Experts call for more exits, better enforcement to curb driving on the wrong side
Lack of enforcement, long distances for taking a U-turn and flawed road designs, besides the callous attitude of motorists, are among the key reasons that lead to wrong-side driving in the city, road safety experts said
Lack of enforcement, long distances for taking a U-turn and flawed road designs, besides the callous attitude of motorists, are among the key reasons that lead to wrong-side driving in the city, road safety experts said.
To tackle the issue, they highlighted that proper enforcement by the police and appropriate road designs are imperative to prevent the offence, which has often led to fatal accidents in the city.
Sarika Panda Bhatt, a road safety expert with Nagarro, said that one reason why drivers choose to take the wrong carriageway is the long distance between two exits on many stretches. “Stretches of the National Highway-48, Sohna Road and Golf Course Extension Road have a common problem. At certain parts of these stretches, the distance between two exits is nearly three to four kilometres. A lot of road users, hence, drive on the wrong side to avoid travelling the extra distance and to save time. Authorities need to rectify this and create exits for motorists at short distances,” said Bhatt.
She said that proper road design audit will help identify the causes behind wrong-side driving and it is also essential for authorities to first collect data correctly and subsequently analyse them.
“Another problem is that exact data on wrong-side driving is not available publicly and the police do not share the exact data with external agencies. With proper data on violations, wrong-side driving areas can be identified, and corrective measures can be executed,” said Bhatt, who was also a member of now-defunct Haryana Vision Zero, a programme commissioned by the state government to work on preventing deaths on roads.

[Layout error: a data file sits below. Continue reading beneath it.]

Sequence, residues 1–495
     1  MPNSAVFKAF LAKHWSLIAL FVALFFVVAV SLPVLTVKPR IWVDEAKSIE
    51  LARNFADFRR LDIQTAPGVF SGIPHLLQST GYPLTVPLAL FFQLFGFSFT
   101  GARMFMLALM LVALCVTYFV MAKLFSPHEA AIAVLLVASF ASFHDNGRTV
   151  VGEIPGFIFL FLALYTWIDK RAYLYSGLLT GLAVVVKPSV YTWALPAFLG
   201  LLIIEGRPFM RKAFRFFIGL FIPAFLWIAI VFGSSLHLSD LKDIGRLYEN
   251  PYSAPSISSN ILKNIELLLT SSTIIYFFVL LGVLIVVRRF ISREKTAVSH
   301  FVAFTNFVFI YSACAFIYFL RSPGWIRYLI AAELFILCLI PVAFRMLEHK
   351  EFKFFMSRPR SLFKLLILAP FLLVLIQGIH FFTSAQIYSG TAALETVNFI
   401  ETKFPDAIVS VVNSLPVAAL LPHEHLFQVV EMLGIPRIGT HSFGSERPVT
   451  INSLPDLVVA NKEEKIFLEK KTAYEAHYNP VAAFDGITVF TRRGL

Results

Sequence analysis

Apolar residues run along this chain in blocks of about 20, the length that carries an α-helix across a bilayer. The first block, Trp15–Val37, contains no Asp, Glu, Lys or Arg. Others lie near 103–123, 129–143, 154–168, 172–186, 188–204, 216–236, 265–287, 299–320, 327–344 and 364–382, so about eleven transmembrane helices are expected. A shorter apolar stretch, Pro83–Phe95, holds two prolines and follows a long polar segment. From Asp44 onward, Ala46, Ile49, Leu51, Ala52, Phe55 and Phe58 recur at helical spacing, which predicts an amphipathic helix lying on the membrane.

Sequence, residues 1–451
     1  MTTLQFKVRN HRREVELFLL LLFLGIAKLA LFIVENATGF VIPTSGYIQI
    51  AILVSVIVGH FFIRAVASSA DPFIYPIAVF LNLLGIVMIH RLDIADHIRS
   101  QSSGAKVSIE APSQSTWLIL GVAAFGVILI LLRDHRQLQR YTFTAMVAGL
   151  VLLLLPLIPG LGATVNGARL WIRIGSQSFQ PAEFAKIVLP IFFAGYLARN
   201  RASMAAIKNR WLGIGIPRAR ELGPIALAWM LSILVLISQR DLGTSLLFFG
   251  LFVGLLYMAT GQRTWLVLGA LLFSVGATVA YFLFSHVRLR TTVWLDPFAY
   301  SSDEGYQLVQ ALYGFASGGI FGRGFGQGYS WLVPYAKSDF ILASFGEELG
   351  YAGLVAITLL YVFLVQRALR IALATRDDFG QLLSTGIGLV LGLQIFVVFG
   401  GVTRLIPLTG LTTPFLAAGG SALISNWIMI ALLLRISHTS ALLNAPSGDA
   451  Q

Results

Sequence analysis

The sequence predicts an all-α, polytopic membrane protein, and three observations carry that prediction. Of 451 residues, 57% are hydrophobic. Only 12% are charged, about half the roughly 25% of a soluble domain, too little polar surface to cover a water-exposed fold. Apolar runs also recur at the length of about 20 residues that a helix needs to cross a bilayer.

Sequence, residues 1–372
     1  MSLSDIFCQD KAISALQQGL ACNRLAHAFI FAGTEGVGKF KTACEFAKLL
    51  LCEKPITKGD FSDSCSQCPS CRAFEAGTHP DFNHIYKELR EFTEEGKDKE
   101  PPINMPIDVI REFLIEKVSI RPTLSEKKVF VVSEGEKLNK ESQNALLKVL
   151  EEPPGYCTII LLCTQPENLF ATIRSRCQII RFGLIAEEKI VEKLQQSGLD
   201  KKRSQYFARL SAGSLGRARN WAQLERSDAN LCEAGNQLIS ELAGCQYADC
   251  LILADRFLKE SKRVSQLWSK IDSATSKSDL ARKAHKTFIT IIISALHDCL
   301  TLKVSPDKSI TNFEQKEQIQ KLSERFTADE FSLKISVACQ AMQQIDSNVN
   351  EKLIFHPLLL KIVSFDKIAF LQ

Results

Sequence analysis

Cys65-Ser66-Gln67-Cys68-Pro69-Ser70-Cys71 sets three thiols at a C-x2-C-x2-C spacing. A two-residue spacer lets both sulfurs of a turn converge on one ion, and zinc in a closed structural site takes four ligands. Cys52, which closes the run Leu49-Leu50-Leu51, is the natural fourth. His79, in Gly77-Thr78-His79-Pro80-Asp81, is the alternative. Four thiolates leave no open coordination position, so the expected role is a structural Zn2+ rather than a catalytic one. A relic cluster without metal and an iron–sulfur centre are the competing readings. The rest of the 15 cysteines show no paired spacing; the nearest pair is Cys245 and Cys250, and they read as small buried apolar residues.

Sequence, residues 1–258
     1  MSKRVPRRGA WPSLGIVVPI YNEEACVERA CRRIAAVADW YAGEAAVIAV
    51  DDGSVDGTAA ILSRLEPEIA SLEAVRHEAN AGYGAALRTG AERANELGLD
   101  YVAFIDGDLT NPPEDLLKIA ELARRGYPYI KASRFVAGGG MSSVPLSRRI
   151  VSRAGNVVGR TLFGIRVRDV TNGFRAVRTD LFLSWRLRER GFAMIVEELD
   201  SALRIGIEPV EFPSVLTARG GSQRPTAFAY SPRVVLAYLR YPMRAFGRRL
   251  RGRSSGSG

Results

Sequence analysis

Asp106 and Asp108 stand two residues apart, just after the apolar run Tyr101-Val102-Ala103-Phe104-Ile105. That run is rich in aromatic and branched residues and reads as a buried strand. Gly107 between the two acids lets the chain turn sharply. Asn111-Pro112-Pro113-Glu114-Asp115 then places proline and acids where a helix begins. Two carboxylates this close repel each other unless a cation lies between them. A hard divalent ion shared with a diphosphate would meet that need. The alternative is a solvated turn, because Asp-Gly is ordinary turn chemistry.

Sewa Ram, an urban transport systems design expert and a faculty member of the School of Planning and Architecture (SPA), Delhi, said that wrong-side driving is also a behavioural issue that stems from poor enforcement.
“One of the major reasons behind wrong-side driving is that motorists are aware that in most cases, there will be no consequences due to lack of enforcement. Even though there are stringent penalties, now, for someone getting caught, the problem is that enforcement is either erratic or only carried out for short periods. For the rest of the year, the situation remains as is,” said Sewa Ram.
Ram said that the Gurugram police should place signage at spots where the practice is rampant to caution commuters of the consequences and the penalties. CCTV cameras or marshals can ensure greater supervision, he said.
KK Rao, the commissioner of police, said that they have started registering criminal cases for wrong driving. “Earlier we were challaning the violators, but since the issue is getting serious day by day, we have started registering criminal cases against the offenders. This is the only way to control the rising wrong practices. We have registered seven cases this month and have directed all the teams to ensure the offenders are booked under sections of the Indian Penal Code,” he said.